Steven Swann Jones identified the presence of magic as the feature by which fairy tales can be distinguished from other sorts of folktales. Davidson and Chaudri identify "transformation" as the key feature of the genre. From a psychological point of view, Jean Chiriac argued for the necessity of the fantastic in these narratives. In terms of aesthetic values, Italo Calvino cited the fairy tale as a prime example of "quickness" in literature, b
Système universitaire de documentation
The système universitaire de documentation or SUDOC is a system used by the libraries of French universities and higher education establishments to identify and manage the documents in their possession. The catalog, which contains more than 10 million references, allows students and researcher to search for bibliographical and location information in over 3,400 documentation centers, it is maintained by the Bibliographic Agency for Higher Education. Official website
Samuel de Champlain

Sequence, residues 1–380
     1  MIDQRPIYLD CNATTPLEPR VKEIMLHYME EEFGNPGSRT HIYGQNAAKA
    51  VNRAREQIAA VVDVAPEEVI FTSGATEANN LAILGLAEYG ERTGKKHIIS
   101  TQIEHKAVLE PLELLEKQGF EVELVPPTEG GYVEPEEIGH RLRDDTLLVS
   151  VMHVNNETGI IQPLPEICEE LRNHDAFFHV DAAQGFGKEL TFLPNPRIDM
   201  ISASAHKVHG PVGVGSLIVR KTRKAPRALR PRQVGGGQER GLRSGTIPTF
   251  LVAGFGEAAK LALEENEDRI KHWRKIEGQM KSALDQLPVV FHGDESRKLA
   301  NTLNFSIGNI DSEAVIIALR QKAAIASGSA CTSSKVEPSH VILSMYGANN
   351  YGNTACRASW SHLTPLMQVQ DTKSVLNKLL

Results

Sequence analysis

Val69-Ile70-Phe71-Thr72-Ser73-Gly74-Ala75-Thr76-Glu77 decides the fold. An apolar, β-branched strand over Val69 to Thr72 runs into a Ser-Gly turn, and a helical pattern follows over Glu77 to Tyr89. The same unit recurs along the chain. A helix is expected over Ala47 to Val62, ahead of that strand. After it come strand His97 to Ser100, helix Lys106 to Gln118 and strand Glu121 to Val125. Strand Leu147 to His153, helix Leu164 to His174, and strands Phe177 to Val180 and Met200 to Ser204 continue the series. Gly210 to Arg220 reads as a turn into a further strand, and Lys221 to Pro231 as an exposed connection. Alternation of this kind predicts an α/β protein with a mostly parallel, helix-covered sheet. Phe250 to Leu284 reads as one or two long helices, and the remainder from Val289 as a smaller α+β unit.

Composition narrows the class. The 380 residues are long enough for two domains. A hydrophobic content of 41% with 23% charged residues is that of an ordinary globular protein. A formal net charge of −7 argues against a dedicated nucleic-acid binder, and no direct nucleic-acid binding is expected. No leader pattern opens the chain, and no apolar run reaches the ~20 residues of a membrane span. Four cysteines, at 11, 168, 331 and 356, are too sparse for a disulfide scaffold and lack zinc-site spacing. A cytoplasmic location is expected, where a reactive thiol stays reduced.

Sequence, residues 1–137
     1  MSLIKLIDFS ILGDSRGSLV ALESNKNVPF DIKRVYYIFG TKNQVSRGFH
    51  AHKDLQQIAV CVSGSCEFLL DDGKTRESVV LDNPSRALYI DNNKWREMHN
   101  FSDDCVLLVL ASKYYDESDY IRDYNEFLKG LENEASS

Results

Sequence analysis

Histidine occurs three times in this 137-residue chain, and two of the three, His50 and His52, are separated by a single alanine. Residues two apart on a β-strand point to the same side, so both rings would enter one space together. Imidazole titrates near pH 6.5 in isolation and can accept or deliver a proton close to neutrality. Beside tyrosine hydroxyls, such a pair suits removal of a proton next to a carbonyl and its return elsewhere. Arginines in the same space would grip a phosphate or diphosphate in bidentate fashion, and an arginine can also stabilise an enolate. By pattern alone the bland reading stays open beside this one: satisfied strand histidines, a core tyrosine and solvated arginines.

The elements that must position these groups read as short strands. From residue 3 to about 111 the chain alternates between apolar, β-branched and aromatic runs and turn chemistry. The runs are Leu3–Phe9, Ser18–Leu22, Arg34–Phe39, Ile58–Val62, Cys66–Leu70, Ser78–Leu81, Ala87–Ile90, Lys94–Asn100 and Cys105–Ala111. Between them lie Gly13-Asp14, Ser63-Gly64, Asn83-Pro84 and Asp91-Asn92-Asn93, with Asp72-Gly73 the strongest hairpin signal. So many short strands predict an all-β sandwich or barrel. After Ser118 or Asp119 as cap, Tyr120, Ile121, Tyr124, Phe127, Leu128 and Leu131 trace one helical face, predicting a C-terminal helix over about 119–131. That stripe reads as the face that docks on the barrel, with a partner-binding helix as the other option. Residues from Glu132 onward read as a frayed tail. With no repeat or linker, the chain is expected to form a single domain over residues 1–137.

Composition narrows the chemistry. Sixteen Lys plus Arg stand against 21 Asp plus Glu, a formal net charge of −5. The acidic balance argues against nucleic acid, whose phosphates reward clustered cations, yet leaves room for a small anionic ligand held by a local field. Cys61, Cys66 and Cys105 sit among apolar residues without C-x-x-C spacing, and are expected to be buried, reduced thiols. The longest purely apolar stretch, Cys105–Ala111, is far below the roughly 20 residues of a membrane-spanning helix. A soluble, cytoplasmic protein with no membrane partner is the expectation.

Samuel de Champlain was a French colonist, cartographer, soldier, geographer, ethnologist and chronicler. He made between 21 and 29 trips across the Atlantic Ocean, founded New France and Quebec City, on July 3, 1608. An important figure in Canadian history, Champlain created the first accurate coastal map during his explorations, founded various colonial settlements. Born into a family of mariners, Champlain began exploring North America in 1603, under the guidance of his uncle, François Gravé Du Pont. From 1604 to 1607, he participated in the exploration and settlement of the first permanent European settlement north of Florida, Port Royal, Acadia, as well as the first European settlement that would become Saint John, New Brunswick. In 1608, he established the French settlement, now Quebec City, Canada. Champlain was the first European to describe the Great Lakes, published maps of his journeys and accounts of what he learned from the natives and the French living among the Natives, he formed relationships with local Montagnais and Innu, with others farther west — tribes of the, with Algonquin and Wendat.